March 20th, 2006
NCAA Tournament: Second Round Review
Much was made last week about how much
respect the Missouri Valley Conference (four bids) and George Mason should
be given. Should a league not on television as much as the ACC or Big 12
have the same number of bids? Should the Patriots be in the field while
Hofstra, a team that beat them twice within a ten day span, plays in the
NIT? After the second round, the answer to both questions is a resounding
yes. And the Big Ten, which received six bids, saw all of its teams sent
packing by the end of Sunday’s action. Here’s a roundup of the second round.
The Big Ten’s last gasp of 2005-06.
Going into the weekend action, the Big Ten had three
chances to get a team into the Sweet 16. Unfortunately for them, no one was
able to get a win and the league with the nation’s best conference RPI will
have no one playing next week. Indiana saw the Mike Davis era come to an end
with their 90-80 loss to Gonzaga in Salt Lake City. The turning point was a
technical foul on Marco Killingsworth early in the second half. This was his
fourth foul, putting him on the bench and ending a Hoosier run that got them
to within two points. Illinois, last year’s runner-up, watched Washington
Husky after Husky march to the free throw line, taking thirty-nine to the
Fighting Illini’s eleven. This was ultimately the difference in the 67-64
Husky win, even with Illinois attempting eighteen more field goals. And Ohio
State, a team that relied heavily on combination of outside shooting and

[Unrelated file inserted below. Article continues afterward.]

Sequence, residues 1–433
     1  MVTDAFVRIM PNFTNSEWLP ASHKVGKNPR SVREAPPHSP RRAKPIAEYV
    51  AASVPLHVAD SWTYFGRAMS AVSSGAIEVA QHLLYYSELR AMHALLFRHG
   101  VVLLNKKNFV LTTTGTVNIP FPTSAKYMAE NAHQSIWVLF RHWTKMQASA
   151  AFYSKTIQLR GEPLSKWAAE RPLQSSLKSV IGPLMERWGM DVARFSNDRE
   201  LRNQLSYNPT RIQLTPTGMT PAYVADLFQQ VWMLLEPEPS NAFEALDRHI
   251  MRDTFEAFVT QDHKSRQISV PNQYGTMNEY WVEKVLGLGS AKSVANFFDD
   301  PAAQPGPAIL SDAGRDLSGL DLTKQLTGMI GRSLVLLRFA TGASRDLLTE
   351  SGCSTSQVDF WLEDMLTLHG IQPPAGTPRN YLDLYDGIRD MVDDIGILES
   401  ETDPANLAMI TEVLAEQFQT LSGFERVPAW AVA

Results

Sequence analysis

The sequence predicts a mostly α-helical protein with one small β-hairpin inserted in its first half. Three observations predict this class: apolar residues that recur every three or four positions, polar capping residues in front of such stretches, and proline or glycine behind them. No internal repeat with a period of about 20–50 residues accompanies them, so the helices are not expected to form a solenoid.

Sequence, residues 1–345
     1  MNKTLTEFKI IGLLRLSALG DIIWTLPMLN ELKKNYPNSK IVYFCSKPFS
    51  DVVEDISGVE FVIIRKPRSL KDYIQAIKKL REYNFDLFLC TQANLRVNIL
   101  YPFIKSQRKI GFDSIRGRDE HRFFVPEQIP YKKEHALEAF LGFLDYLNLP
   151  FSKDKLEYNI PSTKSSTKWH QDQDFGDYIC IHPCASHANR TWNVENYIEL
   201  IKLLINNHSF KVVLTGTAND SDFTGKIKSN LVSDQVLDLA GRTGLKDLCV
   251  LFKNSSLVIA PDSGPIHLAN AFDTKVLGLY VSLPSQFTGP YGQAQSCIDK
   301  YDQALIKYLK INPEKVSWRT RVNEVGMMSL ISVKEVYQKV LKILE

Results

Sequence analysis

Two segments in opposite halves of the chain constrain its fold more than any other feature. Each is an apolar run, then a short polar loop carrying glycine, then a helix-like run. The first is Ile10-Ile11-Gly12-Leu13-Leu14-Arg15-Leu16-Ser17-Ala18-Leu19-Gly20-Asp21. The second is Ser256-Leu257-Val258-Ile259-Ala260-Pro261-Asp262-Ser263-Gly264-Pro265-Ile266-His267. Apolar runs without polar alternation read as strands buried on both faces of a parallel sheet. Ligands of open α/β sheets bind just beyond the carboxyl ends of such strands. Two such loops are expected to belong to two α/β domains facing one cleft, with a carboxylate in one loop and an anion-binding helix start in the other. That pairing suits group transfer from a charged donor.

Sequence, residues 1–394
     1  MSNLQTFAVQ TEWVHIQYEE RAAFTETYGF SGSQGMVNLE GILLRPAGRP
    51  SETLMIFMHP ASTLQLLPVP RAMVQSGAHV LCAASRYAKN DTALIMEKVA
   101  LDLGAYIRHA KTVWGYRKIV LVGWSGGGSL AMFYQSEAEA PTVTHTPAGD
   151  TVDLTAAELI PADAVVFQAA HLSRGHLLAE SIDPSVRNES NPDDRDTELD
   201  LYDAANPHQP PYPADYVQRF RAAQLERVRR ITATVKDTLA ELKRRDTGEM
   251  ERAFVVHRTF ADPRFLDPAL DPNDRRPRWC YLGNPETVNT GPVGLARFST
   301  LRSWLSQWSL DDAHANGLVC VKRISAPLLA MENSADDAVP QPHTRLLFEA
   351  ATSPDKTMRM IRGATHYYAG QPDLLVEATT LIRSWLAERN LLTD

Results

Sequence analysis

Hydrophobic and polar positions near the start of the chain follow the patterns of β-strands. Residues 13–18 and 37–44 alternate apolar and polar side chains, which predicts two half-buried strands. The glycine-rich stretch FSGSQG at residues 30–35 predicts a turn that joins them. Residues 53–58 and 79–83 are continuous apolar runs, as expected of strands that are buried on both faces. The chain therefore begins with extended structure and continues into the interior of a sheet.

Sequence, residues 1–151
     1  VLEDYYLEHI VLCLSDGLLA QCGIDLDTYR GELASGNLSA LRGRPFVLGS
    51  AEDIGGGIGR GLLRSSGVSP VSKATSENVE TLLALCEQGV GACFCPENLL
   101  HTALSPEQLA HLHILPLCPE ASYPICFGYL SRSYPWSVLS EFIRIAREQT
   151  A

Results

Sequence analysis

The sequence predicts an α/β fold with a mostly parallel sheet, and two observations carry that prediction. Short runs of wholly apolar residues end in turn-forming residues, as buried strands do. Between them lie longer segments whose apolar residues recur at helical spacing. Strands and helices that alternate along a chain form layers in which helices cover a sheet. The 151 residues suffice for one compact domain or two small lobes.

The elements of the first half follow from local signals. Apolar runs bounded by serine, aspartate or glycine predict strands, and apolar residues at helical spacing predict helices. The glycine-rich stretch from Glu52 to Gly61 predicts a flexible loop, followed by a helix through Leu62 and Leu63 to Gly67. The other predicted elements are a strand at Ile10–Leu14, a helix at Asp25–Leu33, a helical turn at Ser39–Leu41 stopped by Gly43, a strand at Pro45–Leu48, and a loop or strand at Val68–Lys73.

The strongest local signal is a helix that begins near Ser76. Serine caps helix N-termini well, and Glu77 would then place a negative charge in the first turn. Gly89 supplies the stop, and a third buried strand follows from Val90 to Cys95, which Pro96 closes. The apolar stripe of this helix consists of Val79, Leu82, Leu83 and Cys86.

Terence Dials inside, was neutralized on the perimeter by Georgetown. Only
four Hoyas scored, but more made their impact on the defensive end, and it
never seemed like the Buckeyes got Dials enough touches. And for the first
time since 1996, no Big Ten team will see the second weekend.
“We’re the Valley!”
All the snickers and cries of injustice from last week
can now stop. In case you didn’t notice (or you didn’t watch much basketball
this year outside of the BCS leagues), the Missouri Valley Conference is for
real. Wichita State followed up a blowout win over Seton Hall with an 80-73
triumph over two seed Tennessee, sending the Volunteers home and the
Shockers on to Washington, D.C. P.J. Cousinard had the dagger, a long range
three with the shot clock running down late in the game. Follow that up with
the triumphant point toward the WSU fan section, and the game was history.
Five Shockers scored in double figures, offsetting the twenty points each of
Volunteers C.J. Watson and Chris Lofton.
Sunday saw Bradley, behind 28 points from their
seven-footer Patrick O’Bryant, knock out Pittsburgh in Auburn Hills by the
final score of 72-66. Head coach Jim Les, a former Brave himself, leads his
alma mater and their legion of fans on to Oakland, where they will certainly
have their hands full with top seed Memphis. These two teams are no longer a
surprise, but as this weekend showed, anything is possible. They are indeed
And don’t forget about the Colonial either.
Another point of contention for BCS league backers was
that the Colonial Athletic Association received two bids. Those who watched
the league wondered why Hofstra wasn’t invited in addition to UNC Wilmington
and George Mason, if not at the expense of Mason. Well, the Patriots are